2021 AFPM Annual Meeting Virtual Edition: Sustainability without sacrifice

JEFFREY A. ZURLO, SUEZ – Water Technologies & Solutions


In a recent interview, actor Robert Downey Jr. remarked that, “You shouldn't have to sacrifice quality for sustainability.” While he was not speaking about the oil and gas industry, his statement echoed what has been a core value of the downstream refining industry since shortly after its inception—and this value has never been more relevant. Plants today are safer and have a lower environmental impact than in the past, while simultaneously the quality of the refined product they produce has improved to meet more stringent quality and environmental specifications (FIG. 1).

The trend of traditional oil companies expanding into renewable fuels production is a recent example of the industry flexing to meet market demands for more sustainable products to remain a key producer of energy for the future. As an example, several companies have announced plans to convert marginal fossil fuel assets or build new units to produce transportation fuels from alternative, renewable feedstocks. While these units use some of the same renewable sources as the biofuel blend components added to fungible fuels to reduce carbon intensity, the end products from the renewables process attain a higher quality, meeting the same exacting standards that would allow them to be a drop-in replacement for fossil fuel products.

FIG. 1. Plants today are safer and have a lower environmental impact than in the past, while simultaneously the quality of the refined product they produce has improved to meet more stringent quality and environmental specifications.


As one of the major industry solutions providers, our part is to help oil, gas and renewables companies run more efficiently, reducing water, waste, energy and maintenance requirements that ultimately help refiners be more profitable and more sustainable. This commitment aligns with our Shaping SUEZ 2030 initiative to drive greater environmental sustainability for both our own operations and those of our clients. A few examples of our changes to improve sustainability are highlighted here.

A commitment to sustainability. As part of an ongoing commitment for continuous improvement with a long-term refining customer, the crude unit desalter treatment program was upgraded to improve dehydration. One benefit is reduced fuel gas requirements in the crude unit furnace, as drier crude requires less energy to raise the distillation temperature. After making the program change and optimizing the system, water content in the desalter crude oil was reduced by 28% on average over the last two years. Lower furnace fuel and desalter demulsifier demands reduced annual costs at the crude unit by more than $300,000 and removed 240 tons of Scope 1 CO2 emissions from reduced fuel gas usage.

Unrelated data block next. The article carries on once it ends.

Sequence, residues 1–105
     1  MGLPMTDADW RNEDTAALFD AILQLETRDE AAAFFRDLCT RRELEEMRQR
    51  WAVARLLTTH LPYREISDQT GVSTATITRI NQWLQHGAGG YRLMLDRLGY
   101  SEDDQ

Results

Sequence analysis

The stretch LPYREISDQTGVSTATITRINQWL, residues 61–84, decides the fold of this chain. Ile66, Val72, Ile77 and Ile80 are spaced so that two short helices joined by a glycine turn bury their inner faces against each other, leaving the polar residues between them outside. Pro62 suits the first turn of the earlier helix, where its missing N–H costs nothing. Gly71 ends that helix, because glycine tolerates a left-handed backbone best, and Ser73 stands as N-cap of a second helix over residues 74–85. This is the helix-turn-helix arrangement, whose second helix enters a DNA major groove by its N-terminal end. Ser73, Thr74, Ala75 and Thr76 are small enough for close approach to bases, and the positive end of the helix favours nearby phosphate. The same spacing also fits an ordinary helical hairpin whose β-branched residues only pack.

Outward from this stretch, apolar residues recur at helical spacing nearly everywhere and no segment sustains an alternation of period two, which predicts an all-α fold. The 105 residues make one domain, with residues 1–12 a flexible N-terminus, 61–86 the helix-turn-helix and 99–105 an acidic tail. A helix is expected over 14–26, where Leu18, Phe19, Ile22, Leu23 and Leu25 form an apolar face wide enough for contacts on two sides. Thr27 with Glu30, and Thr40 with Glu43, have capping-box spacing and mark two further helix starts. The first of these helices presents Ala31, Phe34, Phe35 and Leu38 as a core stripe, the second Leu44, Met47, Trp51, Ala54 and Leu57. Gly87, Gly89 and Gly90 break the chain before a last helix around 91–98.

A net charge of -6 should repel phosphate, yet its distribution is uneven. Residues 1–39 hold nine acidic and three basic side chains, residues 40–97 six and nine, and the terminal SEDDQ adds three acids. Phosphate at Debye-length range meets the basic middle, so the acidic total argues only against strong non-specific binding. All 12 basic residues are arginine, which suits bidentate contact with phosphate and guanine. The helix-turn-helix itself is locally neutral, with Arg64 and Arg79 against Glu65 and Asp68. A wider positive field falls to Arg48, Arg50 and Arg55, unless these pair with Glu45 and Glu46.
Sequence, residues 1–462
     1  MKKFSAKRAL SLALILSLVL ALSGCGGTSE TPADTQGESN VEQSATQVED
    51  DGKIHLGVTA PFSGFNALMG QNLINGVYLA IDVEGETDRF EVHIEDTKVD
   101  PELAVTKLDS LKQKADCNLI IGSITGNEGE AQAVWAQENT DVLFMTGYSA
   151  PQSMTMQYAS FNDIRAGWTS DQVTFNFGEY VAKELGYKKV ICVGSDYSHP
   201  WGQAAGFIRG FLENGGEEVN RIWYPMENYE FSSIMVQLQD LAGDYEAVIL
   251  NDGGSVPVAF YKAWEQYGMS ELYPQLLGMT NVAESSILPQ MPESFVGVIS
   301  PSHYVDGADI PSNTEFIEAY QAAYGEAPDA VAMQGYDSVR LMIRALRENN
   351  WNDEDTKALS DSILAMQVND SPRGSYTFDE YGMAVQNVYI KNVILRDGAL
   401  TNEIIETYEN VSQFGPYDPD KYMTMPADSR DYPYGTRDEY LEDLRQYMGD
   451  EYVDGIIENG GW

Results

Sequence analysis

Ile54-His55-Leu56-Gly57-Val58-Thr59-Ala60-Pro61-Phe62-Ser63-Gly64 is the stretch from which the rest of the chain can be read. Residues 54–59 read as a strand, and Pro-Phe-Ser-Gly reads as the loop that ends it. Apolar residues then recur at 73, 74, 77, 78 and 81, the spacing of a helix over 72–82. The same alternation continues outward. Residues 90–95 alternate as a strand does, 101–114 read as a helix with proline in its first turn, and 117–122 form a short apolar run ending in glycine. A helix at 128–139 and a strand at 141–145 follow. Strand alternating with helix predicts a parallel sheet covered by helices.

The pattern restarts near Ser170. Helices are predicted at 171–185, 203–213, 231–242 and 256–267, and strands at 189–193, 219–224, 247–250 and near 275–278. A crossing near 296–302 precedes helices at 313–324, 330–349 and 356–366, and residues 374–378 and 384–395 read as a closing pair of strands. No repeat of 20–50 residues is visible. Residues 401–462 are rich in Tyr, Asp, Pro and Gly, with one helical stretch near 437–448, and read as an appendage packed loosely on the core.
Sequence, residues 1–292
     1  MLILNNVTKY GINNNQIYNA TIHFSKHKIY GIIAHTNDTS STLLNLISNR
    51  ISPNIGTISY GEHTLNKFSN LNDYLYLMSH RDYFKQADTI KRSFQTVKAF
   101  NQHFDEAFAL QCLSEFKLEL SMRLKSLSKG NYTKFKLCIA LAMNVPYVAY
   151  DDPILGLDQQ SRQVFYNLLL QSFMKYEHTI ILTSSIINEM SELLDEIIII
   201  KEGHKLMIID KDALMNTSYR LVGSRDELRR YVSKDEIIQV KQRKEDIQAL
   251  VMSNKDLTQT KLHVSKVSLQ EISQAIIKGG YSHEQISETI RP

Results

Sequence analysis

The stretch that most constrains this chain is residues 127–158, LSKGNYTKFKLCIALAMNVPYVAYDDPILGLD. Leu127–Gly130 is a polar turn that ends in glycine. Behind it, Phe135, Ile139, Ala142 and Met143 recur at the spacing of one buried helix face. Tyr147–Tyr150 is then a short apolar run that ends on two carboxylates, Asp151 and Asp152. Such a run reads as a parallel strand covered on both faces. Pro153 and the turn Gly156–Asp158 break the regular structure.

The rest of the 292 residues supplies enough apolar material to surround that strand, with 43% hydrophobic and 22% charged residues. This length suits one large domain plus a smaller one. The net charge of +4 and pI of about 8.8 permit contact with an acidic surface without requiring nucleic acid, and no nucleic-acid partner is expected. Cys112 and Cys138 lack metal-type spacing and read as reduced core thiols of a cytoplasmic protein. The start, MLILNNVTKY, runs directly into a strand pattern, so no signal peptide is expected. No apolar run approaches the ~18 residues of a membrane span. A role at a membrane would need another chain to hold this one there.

At another refinery, more than 700 reverse osmosis (RO) membranes per year were being removed from the plant and shipped offsite for cleaning before being returned to the refinery. The RO systems are used to improve water quality in preparation for use in steam generation and process contact water throughout the refinery, and cleaning to restore performance is a normal part of the operation. Membrane removal, packaging and shipping is a labor-intensive process that requires lifting and managing heavy loads, then shipping the membranes long distances via truck to the cleaning facility. To improve operating efficiency and safety, a clean-in-place system was developed to allow membranes to be cleaned without being removed. An average of eight in-situ cleanings per year are conducted at this site, reducing cleaning costs by nearly $100,000 and avoiding more than 18,000 shipping miles, reducing the site’s Scope 3 CO2 footprint.

Returning to the renewable fuel production topic, some of the feeds used in this process require a “pretreatment” step to remove contaminants harmful to the rest of the process. This step results in a wastewater stream that has markedly different treatment requirements than the typical refinery wastewater streams. In addition to treatments to help the renewable process operate and ensure finished product quality, SUEZ can design or retrofit the waste treatment units to handle the changing wastewater streams when adding renewable fuel operations.

SUEZ is actively participating in the 2021 AFPM Annual Meeting, so please contact us at the conference to learn more about our sustainable solutions. You can find us anytime at www.suezwatertechnologies.com.


Acknowledgement: The author would like to thank Kevin Cristofanelli, Joe Hackle, Rebekah Obenauer, Phil Millard and Mark Knight for providing data and example context.


About the author:

JEFFREY A. ZURLO is the Strategic Marketing and Commercialization Lead at SUEZ – Water Technologies & Solutions. He has more than 30 years of industry experience across several hydrocarbon processing technologies at both facility and corporate level positions in process engineering, technical sales and services, subject matter expertise and strategic marketing. Prior to joining SUEZ – Water Technologies & Solutions in 1997, Zurlo held process engineering positions at Sunoco Inc., Koch Refining and Hercules Inc. He holds a BE (ChE) degree from Stevens Institute of Technology.

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